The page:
level. Indeed, as the Census Bureau is considering, the total controls might sometimes be applied at a lower level, such as individual cities with populations of over 65,000 within estimation areas.

A strategy to reduce the amount of cell collapsing needed is to develop the weights through a raking algorithm that makes the ACS sample conform to each of the marginal distributions of the control variables, not to the joint distribution. The paper written for the panel by Jay Breidt and reproduced in Appendix B examines such alternatives.

On the issue of whether to use the race/ethnicity classification, the poor quality of the estimates in the 2000 comparison raises concerns about their comparability to what would have been obtained had the ACS interviewed the entire population. The population estimates start with the last census values and update them using administrative data. The reporting or recording of race/ethnicity in the census and in administrative data differ from each other and also from the ACS. As a result, the population estimates by race/ethnicity may not serve well as controls for the ACS sample.

The use of population controls for the population census and household surveys has a long history. It is instructive to contrast these uses with the use of population controls in the ACS. Although they appear similar, they are in fact very different. With the long-form sample, the data for the full census controls are collected for the same time and by essentially the same methods. Thus, the controls represent a poststratification adjustment, which improves the precision of the long-form estimates in a standard way. The long-form-sample controls achieve this improvement for small areas; they are applied for weighting areas, which are often as small as a block group or a census tract and never larger than a county (see National Research Council, 2004b:App. H). For household surveys, the controls are the population estimates and so subject to more error than the census counts, but for most household surveys other than the ACS the controls represent the same residence concept as the surveys; and the controls are applied at a high level of aggregation, which reduces the level of error in the population estimates. Generally, the controls for household surveys are applied for the nation as a whole by sex, age, and race/ethnicity groups and sometimes for total population by state (as, for example, in the Current Population Survey; Bureau of Labor Statistics and U.S. Census Bureau, 2002:Ch. 10).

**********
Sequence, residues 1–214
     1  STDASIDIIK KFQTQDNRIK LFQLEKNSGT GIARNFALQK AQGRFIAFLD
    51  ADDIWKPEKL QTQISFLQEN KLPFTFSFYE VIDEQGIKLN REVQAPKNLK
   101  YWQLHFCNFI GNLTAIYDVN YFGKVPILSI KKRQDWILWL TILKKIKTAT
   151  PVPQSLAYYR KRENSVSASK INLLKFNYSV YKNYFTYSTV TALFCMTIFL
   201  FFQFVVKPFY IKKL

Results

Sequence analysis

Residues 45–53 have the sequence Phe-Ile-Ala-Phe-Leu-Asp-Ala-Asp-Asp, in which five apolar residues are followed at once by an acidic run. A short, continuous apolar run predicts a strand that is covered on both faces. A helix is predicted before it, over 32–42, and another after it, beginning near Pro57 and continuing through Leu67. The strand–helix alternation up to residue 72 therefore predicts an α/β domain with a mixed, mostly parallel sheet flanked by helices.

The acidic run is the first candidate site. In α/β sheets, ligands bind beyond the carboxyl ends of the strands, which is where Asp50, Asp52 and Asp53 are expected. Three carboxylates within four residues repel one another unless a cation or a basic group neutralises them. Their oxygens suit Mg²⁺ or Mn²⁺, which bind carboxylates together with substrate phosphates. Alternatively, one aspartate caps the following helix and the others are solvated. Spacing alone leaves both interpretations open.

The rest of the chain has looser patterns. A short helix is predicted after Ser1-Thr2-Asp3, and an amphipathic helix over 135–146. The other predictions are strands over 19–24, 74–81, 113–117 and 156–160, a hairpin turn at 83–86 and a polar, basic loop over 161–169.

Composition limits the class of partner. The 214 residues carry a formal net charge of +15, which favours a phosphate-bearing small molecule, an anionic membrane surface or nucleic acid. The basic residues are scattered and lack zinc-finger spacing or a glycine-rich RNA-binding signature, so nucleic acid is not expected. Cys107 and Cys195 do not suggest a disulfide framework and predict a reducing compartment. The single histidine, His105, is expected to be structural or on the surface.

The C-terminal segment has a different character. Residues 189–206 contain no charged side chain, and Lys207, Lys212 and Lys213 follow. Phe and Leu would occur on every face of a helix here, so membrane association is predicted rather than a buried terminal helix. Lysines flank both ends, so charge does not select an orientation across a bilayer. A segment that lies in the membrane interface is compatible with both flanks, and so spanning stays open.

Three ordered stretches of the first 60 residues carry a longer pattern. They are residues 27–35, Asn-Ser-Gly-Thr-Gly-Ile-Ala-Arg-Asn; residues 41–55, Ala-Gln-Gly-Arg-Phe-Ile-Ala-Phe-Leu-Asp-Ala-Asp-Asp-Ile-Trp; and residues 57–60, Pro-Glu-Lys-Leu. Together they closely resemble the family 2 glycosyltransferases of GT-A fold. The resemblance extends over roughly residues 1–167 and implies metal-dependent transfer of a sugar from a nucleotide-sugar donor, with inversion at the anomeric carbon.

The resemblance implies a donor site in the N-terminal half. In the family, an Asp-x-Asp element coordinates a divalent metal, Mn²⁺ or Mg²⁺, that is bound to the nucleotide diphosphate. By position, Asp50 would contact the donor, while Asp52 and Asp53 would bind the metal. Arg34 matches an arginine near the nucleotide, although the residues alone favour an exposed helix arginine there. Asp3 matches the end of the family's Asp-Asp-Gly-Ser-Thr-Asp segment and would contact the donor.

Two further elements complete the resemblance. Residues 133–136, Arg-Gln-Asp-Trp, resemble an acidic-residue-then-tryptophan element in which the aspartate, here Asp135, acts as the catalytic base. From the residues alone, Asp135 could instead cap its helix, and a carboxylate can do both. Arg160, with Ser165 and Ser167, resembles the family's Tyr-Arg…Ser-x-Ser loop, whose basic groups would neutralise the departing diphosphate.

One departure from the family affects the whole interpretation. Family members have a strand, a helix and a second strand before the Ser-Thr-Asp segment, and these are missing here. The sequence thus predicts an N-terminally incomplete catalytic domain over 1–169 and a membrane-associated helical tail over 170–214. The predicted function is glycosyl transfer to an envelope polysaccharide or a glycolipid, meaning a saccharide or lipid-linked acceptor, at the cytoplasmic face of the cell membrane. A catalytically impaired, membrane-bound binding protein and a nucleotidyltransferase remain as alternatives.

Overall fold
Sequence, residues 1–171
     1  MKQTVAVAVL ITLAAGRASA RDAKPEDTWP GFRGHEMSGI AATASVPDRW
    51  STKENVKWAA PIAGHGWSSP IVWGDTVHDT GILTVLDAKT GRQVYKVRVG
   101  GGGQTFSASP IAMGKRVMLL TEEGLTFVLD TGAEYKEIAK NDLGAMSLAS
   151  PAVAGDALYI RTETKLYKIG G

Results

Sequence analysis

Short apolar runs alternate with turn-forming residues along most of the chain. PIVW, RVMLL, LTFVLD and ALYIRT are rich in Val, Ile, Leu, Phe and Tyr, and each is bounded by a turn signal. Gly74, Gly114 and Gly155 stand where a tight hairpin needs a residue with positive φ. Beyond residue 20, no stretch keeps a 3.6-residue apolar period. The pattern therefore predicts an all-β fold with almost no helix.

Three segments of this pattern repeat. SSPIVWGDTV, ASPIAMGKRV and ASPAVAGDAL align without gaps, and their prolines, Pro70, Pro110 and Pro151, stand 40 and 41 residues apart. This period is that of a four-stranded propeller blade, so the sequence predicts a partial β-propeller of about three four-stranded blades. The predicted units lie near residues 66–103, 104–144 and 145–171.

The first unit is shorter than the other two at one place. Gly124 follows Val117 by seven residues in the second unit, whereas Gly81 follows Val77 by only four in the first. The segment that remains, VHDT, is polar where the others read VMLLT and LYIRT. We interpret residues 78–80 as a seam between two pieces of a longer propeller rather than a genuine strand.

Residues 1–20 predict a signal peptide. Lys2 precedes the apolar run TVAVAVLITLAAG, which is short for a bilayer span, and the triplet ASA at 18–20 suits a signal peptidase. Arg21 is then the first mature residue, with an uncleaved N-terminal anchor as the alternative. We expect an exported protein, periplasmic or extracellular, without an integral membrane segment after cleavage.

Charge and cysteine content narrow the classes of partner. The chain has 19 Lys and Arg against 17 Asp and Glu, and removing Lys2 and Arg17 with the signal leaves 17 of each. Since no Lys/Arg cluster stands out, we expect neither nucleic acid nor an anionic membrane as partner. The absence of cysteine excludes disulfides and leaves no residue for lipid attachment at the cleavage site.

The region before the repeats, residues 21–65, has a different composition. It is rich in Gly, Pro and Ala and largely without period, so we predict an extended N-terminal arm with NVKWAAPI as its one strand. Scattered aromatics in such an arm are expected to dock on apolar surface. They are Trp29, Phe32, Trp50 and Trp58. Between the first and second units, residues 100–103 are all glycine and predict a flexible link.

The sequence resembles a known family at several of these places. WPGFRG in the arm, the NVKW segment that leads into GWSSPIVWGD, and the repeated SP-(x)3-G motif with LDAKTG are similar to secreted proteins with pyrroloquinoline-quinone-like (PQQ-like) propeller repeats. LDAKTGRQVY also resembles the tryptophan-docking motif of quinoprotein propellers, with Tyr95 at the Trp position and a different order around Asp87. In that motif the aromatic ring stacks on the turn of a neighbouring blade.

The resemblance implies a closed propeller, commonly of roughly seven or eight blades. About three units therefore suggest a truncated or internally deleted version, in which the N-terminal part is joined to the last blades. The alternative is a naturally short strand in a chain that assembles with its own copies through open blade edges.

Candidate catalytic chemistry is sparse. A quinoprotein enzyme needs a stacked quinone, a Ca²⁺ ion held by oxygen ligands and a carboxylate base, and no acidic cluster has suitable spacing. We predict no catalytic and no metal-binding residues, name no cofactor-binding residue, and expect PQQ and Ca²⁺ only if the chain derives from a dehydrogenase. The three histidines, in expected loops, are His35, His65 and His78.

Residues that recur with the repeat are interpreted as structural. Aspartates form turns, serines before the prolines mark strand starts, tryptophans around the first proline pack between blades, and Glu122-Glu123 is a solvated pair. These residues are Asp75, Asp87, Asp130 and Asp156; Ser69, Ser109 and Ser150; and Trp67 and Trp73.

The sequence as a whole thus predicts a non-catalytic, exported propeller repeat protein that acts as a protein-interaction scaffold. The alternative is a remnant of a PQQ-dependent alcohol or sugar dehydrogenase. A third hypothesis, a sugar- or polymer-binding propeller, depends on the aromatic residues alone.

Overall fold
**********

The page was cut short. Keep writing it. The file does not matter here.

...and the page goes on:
In contrast, the population controls used in the ACS are midyear population estimates based on different residence rules and different sources than the yearly accumulation of ACS monthly samples. (For an illustrative example of the effect of population controls on areas with seasonal populations, see Section 3-C.3.) The ACS population controls should therefore not be treated as if they are poststratification controls, as is the current practice. It cannot be assumed that they necessarily improve the quality of the ACS estimates, particularly since they are applied at the estimation



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